All ATMs Are Not The Same – Like credit cards, debit card fees can vary. Before you go traveling internationally check the fees with your bank and find out the preferred ATM networks to look for. If you do much overseas travel you might consider getting a specific debit card just for foreign travel. In that case it is also a good idea to connect it to an account with a lower balance intended just for travel. While rare, there are stories of people that have lost large amounts that their bank is not responsible for.

Our favorite debit card is the Schwab Bank High Yield Investor Checking Account – more information HERE. When you open a bank account with them, you’ll receive a Schwab Bank Visa Platinum debit card. With this card you don’t have to worry about any foreign exchange transaction fees when you use it as they’re reimbursed by Schwab.

Transaction fees and exchange rates are big profit opportunities for many banking institutions so you need to be cautious. Avoid “independent” ATMs with one of the biggest offenders being Euronet in Europe. Their machines are marked EUR along with a country code – in Hungary they’re EUR HUF. They charge very high fees with terrible exchange rates.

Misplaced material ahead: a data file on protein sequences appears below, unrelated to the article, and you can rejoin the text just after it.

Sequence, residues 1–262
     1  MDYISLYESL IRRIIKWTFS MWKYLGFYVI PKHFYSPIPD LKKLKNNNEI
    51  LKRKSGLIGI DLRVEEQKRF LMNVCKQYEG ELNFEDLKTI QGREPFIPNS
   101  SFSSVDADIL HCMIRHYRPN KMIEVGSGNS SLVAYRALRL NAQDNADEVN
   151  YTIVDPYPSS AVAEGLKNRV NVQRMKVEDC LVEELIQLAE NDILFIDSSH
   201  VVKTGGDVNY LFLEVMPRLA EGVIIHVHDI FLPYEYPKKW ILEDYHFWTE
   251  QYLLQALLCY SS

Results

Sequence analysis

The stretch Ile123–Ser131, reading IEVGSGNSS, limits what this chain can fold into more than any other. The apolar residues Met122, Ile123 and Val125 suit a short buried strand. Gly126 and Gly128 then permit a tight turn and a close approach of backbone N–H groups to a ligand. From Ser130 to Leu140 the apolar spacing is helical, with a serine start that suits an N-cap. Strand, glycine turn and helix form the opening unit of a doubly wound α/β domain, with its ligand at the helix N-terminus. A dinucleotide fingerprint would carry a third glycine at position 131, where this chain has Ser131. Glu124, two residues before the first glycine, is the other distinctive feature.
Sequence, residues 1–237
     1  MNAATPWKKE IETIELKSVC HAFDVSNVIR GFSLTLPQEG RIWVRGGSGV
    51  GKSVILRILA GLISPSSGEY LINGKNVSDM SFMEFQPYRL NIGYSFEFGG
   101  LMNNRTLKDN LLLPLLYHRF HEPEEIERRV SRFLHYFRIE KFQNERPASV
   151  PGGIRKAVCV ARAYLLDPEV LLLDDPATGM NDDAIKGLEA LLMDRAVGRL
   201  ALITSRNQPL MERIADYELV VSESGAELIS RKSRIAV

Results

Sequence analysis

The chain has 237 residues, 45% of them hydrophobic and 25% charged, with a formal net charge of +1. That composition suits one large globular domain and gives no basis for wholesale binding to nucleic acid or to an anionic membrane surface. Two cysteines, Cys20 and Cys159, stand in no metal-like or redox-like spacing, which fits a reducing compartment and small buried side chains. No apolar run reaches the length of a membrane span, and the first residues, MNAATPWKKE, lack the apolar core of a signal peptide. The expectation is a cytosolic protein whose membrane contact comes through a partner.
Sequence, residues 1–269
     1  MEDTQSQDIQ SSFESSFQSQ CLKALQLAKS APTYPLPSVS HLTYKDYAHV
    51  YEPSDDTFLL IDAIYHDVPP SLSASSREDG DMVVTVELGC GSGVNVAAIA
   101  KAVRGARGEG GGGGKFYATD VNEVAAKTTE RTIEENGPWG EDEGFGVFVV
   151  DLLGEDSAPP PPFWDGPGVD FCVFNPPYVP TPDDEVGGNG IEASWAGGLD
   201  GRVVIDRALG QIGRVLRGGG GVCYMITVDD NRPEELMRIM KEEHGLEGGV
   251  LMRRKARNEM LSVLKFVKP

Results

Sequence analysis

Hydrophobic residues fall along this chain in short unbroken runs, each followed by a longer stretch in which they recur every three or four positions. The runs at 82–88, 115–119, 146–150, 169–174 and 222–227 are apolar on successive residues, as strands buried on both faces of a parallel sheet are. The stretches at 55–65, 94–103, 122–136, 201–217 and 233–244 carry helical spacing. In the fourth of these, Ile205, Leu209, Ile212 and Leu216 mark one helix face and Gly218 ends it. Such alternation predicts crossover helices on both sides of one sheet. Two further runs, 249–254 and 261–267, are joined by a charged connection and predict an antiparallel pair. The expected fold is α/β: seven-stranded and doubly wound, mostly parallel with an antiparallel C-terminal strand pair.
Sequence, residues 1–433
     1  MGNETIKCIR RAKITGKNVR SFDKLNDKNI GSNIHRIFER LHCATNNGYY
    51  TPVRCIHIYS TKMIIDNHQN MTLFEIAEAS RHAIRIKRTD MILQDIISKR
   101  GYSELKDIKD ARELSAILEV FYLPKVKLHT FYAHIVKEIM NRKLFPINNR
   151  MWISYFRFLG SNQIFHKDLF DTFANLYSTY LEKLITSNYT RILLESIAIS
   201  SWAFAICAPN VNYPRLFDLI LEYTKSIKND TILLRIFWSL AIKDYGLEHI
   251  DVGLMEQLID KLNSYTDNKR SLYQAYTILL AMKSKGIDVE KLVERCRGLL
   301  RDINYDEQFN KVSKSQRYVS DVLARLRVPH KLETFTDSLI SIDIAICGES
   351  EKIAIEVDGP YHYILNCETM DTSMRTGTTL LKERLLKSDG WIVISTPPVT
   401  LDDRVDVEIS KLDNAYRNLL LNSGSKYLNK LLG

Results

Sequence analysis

In addition do not allow your ATM transaction to be converted to US dollars in the transaction as additional conversion rates can be added on top.

Our recommendation is to find an ATM outside a local bank displaying the banks name. Again be careful as those “independent” ATMs will often locate their machines near local bank ATMs and often those machines boast “Free Cash Withdrawals” – usually not true. Other ATMs to avoid include Cardpoint, Moneybox, and Cashzone.